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Losing our religion: Religious recession on the rise

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MADISON COUNTY, AL (WAFF) -

It's a growing trend that's sweeping the nation. According to a recent study by the Pew Research Center, one in five adults no longer affiliates with a religion. That's not to say the group does not believe in God. Of the 46-million unaffiliated adults in America, two thirds say they believe in God, with more than one third classifying themselves as spiritual, but not religious.

The study found that most of the unaffiliated are white, unmarried men under the age of 30. About three in 10 of the religiously unaffiliated have at least a college degree.

Nearly every religion has seen a drop in affiliation in the last 10 years, but the Protestant religion has seen the sharpest decrease.

Religious leaders are now left to figure out why their congregations are showing up in smaller and smaller numbers. 

"We need to listen. It's a shame we can't do exit interviews because when people leave, they don't tell us they're leaving," said Pastor Jason Bybee, with the Mayfair Church of Christ.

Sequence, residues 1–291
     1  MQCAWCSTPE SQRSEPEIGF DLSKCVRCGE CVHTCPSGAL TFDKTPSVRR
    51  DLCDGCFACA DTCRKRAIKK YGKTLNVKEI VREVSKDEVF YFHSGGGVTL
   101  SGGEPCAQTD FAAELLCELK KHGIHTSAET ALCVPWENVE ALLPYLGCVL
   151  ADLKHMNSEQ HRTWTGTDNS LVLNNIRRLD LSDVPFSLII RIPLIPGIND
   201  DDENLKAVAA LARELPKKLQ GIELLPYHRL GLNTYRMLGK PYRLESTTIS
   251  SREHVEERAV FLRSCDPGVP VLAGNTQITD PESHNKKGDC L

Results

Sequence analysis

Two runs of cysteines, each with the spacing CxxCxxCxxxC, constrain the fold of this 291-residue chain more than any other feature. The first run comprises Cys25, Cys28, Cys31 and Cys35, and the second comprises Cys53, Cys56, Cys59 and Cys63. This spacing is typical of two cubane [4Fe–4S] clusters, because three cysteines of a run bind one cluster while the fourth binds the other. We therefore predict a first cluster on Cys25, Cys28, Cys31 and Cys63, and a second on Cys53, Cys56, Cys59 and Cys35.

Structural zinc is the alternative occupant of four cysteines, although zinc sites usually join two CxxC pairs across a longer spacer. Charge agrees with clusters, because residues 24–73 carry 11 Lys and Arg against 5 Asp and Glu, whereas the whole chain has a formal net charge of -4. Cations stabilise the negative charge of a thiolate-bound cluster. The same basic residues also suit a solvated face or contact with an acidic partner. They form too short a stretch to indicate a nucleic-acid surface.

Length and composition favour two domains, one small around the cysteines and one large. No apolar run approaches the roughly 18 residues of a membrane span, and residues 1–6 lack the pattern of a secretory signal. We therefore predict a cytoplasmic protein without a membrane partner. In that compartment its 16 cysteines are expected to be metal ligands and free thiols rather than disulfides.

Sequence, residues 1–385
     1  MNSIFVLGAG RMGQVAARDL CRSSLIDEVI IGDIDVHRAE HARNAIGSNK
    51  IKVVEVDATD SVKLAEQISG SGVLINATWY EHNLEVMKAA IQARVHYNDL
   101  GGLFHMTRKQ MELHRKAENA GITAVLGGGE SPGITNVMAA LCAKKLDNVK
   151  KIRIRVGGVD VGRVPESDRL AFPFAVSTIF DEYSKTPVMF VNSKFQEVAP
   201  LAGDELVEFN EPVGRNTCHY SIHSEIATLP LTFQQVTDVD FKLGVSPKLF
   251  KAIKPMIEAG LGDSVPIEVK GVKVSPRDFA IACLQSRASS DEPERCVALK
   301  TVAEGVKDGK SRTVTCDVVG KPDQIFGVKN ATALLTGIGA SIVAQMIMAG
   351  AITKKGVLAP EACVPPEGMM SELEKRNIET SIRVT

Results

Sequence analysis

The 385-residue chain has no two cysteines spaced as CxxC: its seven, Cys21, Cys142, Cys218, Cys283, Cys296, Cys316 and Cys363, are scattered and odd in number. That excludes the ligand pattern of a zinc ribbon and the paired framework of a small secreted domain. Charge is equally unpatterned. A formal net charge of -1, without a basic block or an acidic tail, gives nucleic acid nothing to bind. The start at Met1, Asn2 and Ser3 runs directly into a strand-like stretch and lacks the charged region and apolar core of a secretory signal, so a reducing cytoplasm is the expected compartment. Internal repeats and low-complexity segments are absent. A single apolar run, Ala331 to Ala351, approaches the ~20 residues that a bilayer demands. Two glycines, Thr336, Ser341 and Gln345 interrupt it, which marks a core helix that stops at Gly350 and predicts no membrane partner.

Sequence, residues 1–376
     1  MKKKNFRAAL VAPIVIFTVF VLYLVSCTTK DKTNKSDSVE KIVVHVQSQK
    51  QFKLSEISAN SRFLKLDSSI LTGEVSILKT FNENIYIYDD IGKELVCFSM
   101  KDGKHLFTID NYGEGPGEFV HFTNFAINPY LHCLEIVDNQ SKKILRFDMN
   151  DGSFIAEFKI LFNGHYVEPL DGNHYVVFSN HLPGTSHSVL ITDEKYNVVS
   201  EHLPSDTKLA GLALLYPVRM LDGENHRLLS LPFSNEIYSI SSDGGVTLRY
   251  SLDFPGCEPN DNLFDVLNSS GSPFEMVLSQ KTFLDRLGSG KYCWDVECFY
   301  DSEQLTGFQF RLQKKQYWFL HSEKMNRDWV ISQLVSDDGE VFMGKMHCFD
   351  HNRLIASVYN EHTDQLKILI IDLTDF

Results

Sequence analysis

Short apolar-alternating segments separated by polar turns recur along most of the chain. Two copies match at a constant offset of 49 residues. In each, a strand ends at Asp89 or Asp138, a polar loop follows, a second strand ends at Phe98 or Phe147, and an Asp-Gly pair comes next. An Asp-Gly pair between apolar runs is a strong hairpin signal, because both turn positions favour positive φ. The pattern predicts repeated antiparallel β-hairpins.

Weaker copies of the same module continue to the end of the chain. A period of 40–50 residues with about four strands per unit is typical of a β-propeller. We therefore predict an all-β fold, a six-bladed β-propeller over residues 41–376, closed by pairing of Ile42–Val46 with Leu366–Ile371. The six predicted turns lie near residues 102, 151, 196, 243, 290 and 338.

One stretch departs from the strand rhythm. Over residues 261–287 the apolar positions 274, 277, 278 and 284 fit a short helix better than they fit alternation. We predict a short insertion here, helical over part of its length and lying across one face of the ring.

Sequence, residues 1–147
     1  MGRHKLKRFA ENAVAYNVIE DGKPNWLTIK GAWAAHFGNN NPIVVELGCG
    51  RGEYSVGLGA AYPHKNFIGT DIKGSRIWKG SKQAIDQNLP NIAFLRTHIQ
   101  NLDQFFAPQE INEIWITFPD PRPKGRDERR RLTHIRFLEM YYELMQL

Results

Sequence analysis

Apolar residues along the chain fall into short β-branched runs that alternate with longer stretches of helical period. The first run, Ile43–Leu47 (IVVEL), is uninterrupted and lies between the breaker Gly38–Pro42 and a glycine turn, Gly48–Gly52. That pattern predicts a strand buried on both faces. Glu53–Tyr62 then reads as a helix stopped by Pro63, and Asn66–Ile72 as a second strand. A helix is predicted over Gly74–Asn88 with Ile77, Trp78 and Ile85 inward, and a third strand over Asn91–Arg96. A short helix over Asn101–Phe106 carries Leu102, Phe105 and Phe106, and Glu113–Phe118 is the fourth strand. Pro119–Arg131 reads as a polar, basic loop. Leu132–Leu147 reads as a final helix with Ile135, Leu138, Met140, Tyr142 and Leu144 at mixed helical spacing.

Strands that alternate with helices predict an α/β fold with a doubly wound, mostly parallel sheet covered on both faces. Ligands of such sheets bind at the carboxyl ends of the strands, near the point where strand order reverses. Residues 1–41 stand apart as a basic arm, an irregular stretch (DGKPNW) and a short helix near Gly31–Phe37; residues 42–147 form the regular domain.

Rabbi Elizabeth Bahar with the B'nai Shalom Synagogue echoed the same sentiments.

"If they do come, they're coming less frequently and they're not supporting financially, so how can we sustain ourselves into the future?" she asked.

This study delves into some theories about what may be at the root of the cause of the rise of the unaffiliated. One theory is political backlash. Several scholars say that young adults have turned away from organized religion because they believe it is one and the same with conservative politics. Since the largest portion of the unaffiliated is under the age of 30, this falls in line with that theory.

The religiously unaffiliated have become one of the most reliably Democratic constituencies in recent elections. The theory also falls in line with a political find. In the 2008 election, 75 percent of the unaffiliated voted for President Barack Obama.

Seven out of 10 of the unaffiliated believe abortion should be legal in most or all cases, and nearly 75 percent believe same-sex marriage should be legal. One could conclude that the emergence of the legalization of same-sex marriage in many states is a product of the increase in religious affiliation.

This movement is being described by religious leaders as a "religious recession." They believe just like the economic recession, religion will bounce back too. They point out that many religions have been around for thousands of years, and throughout the centuries have had to go through changes.

The difficult task for leaders now is evolving with these changes and convincing people that not only is a relationship with God important, but a community of leaders as well.

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